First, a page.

The London mayor is looking to renegotiate a land deal done by predecessor Boris Johnson at the Old Oak and Park Royal regeneration scheme in west London
Speaking following the publication of a major review into the £10 billion project, Khan said that the scheme had been ’left in a mess’ by his predecessor who had ’rushed headlong into agreeing a land deal with government that was not in the city’s best interests’.
Khan warned that Johnson’s haste to move the project forward had ’potentially reduced the amount of affordable housing that can be obtained from the site’.
The review of the 140 hectare project – for which a heavyweight shortlist to produce the masterplan was revealed last month (see bottom) – singled out a memorandum of understanding (MoU) signed by Johnson with the Department of Transport for particular criticism.
It said that although the transfer of government land to the Old Oak Royal Development Corporation was a sound idea, the MoU had been entered into ‘hastily’.
The review said: ‘Not only is the detail of the deal between the government and the mayor unclear at this stage.
‘The risks inherent to the land are also uncertain and unquantified.
‘Significant work is therefore required to understand the land’s development potential and problems, such as remediation requirements, and with government to develop and structure a deal that recognises the complexities of the site.’
The review said that discussions with government departments about gap funding or other financial contributions to reduce the impact of a £2.5bn infrastructure bill have so far proved fruitless.
It recommended: ‘The inequity of expecting London to shoulder the whole cost of infrastructure investment in the area should be pointed out to Government in the strongest terms.
‘A business case should be put to Her Majesty’s Treasury (HMT) for investment to enable growth.’
Without central government support, the report continues, the high cost of infrastructure may result in a ‘quantum and scale of development that is unacceptable in height, scale, density or mass’ and impact on the ability to provide enough affordable housing.
It pointed out that a new garden city at Ebbsfleet has received a pledge of £310 million from the government, while Birmingham has received £97 million to extend its metro and enhance connections to a planned new HS2 station.
The review also slammed Johnson over his failure to find a suitable relocation site for a planned new Crossrail depot in the middle of the site, or to invest in decking over this facility.
It said that the positioning of the depot has resulted in the loss of valuable development land and depressed land values on adjacent sites.
The location of the depot also ‘compromises OPDC’s ability to create an attractive place’, according to the review.
’One of the most important regeneration projects in London has been left in a mess by my predecessor’
Khan, who vowed to ’squeeze every drop of potential out of this opportunity,’ also called on the quick appointment of a new chair for the OPDC to replace the already departed Edward Lister.
Earlier this year Terry Farrell voiced his own concerns about the development of Old Oak Common, branding the scheme the ‘worst cock-up in years’ and saying that the chance to create 12,000 extra homes in the major new transport super hub had been squandered (see AJ 04.03.16).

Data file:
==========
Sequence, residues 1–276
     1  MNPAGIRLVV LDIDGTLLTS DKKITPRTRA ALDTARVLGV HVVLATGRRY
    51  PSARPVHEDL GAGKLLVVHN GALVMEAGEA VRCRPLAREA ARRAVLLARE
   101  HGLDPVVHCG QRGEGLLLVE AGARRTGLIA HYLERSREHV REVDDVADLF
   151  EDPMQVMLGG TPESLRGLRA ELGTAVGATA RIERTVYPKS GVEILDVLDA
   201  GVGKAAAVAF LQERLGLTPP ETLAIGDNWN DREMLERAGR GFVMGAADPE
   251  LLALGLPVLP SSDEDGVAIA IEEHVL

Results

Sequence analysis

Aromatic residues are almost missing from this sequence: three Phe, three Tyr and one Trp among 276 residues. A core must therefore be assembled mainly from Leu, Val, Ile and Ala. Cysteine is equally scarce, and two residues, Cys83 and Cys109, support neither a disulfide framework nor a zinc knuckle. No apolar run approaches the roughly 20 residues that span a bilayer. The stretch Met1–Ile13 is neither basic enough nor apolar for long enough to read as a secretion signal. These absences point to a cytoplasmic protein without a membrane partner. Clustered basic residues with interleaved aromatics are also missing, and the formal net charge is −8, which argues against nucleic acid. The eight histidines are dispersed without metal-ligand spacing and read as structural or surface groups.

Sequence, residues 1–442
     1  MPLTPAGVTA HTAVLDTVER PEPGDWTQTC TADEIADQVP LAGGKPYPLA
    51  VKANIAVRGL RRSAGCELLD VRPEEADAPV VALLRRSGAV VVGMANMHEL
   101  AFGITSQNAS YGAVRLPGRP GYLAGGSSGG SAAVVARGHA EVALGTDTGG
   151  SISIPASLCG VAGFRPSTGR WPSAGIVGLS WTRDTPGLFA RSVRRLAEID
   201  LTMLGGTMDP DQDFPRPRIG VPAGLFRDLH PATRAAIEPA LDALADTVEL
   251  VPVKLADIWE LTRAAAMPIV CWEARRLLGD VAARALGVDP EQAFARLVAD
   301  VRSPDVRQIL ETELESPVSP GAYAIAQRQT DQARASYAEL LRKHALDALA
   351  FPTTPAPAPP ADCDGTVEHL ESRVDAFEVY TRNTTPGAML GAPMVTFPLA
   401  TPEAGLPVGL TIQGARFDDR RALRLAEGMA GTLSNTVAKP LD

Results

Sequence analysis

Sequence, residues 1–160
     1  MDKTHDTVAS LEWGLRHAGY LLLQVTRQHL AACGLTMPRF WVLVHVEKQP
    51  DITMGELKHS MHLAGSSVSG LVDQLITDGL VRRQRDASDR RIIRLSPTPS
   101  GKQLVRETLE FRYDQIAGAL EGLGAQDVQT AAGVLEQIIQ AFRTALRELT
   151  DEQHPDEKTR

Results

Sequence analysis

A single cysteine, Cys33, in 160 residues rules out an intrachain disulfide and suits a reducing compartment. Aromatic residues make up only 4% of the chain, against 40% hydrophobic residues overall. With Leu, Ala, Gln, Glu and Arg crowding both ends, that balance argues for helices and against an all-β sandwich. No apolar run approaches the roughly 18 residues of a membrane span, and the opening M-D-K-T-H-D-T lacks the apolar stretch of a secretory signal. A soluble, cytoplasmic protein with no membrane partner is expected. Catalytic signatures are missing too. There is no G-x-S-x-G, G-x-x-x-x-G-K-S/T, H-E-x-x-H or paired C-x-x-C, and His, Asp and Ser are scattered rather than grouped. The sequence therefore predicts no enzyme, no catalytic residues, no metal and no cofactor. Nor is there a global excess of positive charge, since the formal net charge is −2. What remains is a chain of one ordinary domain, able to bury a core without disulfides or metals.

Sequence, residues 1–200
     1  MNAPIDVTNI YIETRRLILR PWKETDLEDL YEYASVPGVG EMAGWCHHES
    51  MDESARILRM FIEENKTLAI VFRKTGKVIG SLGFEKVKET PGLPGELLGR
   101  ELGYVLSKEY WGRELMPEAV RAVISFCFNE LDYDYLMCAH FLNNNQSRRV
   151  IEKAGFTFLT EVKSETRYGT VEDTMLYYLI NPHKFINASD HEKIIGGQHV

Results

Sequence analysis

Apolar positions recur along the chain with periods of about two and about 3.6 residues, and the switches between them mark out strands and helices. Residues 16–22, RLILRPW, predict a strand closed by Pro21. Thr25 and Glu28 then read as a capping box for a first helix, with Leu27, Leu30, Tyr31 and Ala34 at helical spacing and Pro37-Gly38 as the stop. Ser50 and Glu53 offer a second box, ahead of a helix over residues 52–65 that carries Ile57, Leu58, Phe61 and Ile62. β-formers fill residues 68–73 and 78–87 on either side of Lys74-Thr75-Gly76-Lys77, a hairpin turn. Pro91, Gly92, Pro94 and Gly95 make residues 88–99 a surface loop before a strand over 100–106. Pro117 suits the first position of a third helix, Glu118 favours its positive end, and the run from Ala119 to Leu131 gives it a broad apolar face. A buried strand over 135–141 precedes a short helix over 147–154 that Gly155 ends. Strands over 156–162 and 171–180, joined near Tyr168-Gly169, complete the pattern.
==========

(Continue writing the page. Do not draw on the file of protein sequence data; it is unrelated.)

Responding to the outcome of Khan’s review, Farrell said: ’’We welcome the Mayor’s focus on the incredible opportunity for london at Old Oak Common, and in particular his views on Old Oak South.
’We fully support his call for a credible long-term plan for a new commercial centre there, with an options appraisal for repositioning or retrofitting the Crossrail depot.’
Meanwhile Geoff Springer, development director London and Regional Properties – which owns the largest privately owned site in the area, masterplanned by PLP Architecture – said: ‘We are delighted that the mayor has given his full backing to the area’s transformation and it is absolutely right that he should seek the best possible deal from government.’
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The full shortlist
- Aecom (lead supplier) with team members - Asif Khan, BIG, Bilfinger, GVA, Fluid, Maccreanor Lavington, PBA, Weston Williamson, Spacehub, Wilkinson Eyre, East
- Allies & Morrison (lead supplier) with team members - Diener & Diener, Weston Williamson, Muf, HHBR, Andersen Hunter Horn, Waterman Group, Steer Davies Gleave, Turner & Townsend, Fluid, Nathaniel Lichfield + Partners, Centre for London, Metephor
- Arup (lead supplier) with team members - KCAP, Gustafson Porter, S333, PAU, Turner + Townsend, People Friendly Design, London Communications Agency
- Farrells & Heatherwick Studio (lead supplier) with team members - Exterior Architecture, Arup, Arcadis, Bio Regional, ATK11, Steer Davies Gleave, Turleys, Volterra, GHD Rail Engineering, Colliers, Soundings, London Communications Agency, Flexeye, Siemens
- Grimshaw (lead supplier) with team members - FutureCity, LDA, QUOD, Amec Foster Wheeler, Urban Strategies, Rick Mather Architects, DK-CM, Soundings, Mott MacDonald, RLB, Steer Davies Gleave
- Hawkins Brown (lead supplier) with team members - Kathryn Firth, White, Metropolitan Workshop, Benedetti Architects, Grant Associates, Turley, Donald Insall Assocs, Pell Frischmann, Tyrens, Phil Jones Assocs, Turner + Townsend, Soundings, Social Life, Fourth Street
- Karakuesvic Carson Architects & 5th Studio (lead supplier) with team members - We Made That, Agence Ter, Alan Baxter, AKT11, Quod, Hoare Lea, Soundings, EC Harris/Arcadis